Honeypot traps designed to protect computers from Botnets, which are used to carry out fraudulent and criminal activity on the Internet, are now vulnerable to attack because of advances in Botnet malware, computer scientists say.

Botnets are armies of networked computers that have been compromised by malicious software.

In the 1990s and early 2000s, viruses and worms were the main problems facing computer security experts, with the likes of Melissa, Love Letter, W32/Sircam, MyDoom, Netsky and Bagle familiar to anyone reading the computer press during that period.

There has not been a major outbreak of a conventional computer virus or worm on the internet since the Sassar worm of May 2004.

That is not because improvements in computer security have outstripped the skills of the virus writers but simply because the focus has shifted to taking control of computers invisibly.

Instead of erasing information from hard drives or causing other mischief, compromised computers are recruited into Botnets that track keystrokes and steal usernames, passwords, and credit card details with criminal intent.

Cliff Zou and colleagues of the University of Central Florida, Orlando (UCFO), explain that Botnets have become one of the major attacks on the internet today.

It permits those that control them to take control of tens of thousands of computers and websites, steal credit card and banking information, send millions of spam emails, and infect other computers, all for illicit financial gain.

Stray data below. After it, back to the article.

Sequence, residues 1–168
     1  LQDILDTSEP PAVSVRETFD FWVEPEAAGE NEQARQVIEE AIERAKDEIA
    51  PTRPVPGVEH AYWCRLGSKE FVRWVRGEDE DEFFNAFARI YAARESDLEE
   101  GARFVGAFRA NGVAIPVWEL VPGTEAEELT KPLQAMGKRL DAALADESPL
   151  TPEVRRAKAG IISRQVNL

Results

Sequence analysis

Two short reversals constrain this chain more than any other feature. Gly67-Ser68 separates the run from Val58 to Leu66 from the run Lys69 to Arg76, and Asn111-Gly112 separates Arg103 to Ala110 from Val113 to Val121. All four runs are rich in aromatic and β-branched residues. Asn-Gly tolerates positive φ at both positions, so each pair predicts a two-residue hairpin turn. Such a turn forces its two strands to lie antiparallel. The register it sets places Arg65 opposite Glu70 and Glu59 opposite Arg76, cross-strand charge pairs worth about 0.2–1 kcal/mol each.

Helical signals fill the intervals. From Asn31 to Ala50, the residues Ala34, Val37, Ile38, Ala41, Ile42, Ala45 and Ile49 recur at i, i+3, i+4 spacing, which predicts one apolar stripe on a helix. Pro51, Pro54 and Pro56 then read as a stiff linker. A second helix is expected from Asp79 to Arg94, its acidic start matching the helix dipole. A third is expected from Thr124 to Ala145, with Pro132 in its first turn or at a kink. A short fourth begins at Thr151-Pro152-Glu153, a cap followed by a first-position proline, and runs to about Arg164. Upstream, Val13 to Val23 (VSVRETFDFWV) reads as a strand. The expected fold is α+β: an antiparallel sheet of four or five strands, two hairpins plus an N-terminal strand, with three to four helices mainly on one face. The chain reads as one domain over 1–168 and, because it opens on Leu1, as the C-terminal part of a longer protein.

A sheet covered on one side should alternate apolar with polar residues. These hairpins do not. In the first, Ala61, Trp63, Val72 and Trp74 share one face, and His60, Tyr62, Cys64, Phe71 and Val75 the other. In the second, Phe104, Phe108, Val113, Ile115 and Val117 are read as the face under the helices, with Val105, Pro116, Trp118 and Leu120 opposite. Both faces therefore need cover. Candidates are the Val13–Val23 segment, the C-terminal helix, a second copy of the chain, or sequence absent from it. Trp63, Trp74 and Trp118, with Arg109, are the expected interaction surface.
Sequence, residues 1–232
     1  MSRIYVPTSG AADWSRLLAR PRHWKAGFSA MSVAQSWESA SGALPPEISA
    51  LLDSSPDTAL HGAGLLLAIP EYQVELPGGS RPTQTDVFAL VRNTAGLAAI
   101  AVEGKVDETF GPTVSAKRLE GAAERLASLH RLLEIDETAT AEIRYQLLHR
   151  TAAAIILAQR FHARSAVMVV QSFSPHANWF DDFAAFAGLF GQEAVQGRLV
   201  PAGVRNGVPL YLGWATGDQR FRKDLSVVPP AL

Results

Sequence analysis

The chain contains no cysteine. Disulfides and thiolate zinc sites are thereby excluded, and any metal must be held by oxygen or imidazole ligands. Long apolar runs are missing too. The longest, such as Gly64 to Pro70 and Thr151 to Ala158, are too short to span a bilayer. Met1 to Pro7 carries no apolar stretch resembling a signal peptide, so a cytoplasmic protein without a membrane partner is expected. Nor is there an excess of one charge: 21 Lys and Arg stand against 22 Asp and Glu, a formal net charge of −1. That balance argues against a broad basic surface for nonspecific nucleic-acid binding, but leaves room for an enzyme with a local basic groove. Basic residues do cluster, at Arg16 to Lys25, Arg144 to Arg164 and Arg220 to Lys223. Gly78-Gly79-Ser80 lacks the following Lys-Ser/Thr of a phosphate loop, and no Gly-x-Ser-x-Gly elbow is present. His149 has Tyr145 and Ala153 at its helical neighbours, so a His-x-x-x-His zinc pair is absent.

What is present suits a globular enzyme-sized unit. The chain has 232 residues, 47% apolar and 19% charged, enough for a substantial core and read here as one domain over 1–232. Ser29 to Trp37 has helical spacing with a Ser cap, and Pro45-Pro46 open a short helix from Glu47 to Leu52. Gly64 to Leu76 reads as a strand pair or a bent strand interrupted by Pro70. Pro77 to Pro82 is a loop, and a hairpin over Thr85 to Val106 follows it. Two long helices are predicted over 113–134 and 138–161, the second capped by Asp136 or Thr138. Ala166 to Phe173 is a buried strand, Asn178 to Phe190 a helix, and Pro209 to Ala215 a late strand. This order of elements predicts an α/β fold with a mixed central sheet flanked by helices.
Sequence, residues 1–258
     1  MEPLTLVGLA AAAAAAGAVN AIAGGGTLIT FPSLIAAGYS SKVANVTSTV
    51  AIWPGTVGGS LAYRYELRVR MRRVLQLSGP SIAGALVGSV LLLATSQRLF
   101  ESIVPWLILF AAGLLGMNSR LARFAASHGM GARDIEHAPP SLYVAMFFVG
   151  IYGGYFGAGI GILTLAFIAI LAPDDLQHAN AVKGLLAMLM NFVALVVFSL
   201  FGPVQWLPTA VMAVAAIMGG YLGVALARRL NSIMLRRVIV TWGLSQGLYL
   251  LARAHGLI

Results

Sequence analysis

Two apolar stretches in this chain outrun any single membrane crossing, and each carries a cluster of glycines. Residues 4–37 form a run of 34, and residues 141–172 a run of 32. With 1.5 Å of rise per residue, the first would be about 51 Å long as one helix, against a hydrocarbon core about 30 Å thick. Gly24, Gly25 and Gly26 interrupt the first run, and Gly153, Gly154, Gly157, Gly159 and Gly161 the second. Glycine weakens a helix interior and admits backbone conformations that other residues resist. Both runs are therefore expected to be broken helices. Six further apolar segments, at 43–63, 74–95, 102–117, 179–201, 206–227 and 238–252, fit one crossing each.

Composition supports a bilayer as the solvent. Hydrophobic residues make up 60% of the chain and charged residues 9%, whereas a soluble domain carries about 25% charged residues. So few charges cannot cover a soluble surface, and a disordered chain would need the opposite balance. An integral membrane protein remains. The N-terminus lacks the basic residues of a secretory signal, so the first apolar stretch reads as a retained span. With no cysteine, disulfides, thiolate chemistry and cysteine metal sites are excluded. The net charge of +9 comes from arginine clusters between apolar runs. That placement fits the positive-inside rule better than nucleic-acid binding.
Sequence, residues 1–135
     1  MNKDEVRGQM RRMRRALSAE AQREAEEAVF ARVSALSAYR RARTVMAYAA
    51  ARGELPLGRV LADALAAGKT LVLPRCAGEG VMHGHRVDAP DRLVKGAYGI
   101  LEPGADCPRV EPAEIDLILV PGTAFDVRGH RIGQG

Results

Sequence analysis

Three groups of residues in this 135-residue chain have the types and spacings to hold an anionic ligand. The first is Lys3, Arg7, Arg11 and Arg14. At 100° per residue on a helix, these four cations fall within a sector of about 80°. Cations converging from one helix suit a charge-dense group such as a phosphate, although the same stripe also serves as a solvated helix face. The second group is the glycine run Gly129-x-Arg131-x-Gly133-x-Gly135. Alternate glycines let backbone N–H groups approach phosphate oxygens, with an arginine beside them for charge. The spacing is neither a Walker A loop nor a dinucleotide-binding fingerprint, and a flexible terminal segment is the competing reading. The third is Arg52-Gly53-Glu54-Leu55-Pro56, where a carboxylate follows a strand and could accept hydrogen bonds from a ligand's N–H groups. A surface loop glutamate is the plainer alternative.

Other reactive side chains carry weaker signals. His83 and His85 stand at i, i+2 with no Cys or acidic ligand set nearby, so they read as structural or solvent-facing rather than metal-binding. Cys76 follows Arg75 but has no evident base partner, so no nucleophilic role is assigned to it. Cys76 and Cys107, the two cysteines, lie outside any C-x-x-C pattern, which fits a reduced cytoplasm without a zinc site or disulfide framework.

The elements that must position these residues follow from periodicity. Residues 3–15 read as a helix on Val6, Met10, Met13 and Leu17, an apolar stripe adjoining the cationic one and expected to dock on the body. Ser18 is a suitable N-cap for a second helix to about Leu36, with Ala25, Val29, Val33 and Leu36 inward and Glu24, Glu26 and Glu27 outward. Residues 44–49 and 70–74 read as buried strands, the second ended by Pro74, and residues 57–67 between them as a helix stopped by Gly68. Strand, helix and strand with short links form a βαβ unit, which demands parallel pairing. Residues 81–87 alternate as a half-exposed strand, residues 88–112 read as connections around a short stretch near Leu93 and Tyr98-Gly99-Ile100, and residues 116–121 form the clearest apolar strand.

Moreover, those in control of the most powerful Botnets even hire out computer time on these illegal systems to other criminals.

The self-propagating nature of a Botnet means that the underlying software is always attempting to infect new computers.

This has allowed security experts to create “honeypot” traps - unprotected computers with hidden monitoring software installed - that attract Botnets and then extract data about the Botnet and the compromised computers it controls.

Honeypots set up by security defenders thus become spies in exposing botnet membership and revealing Botnet attack behaviour and methodology allowing security experts to find ways to block Botnet activity.

Zou and his team have now discovered that Botnet software could be developed to detect honeypots.

Given that security defenders have an obligation to dis-arm their own honeypot computers so that they do not become active components of the Botnet, the malicious software could, they explain, simply detect such a honeypot during initial activity as it will not send back appropriate information.

The Botnet would then either disable the honeypot computer or else simply ignore its existence and move on to the next target, says an Inderscience release.

By revealing this vulnerability to the computer security industry and presenting possible guidelines for creating honeypots that might be undetectable, the team hopes to pioneer a way to trap and block Botnet software before the Botnet controllers are able to exploit this technical loophole in legitimate computer systems employing honeypots.

These findings were published in the International Journal of Information and Computer Security.

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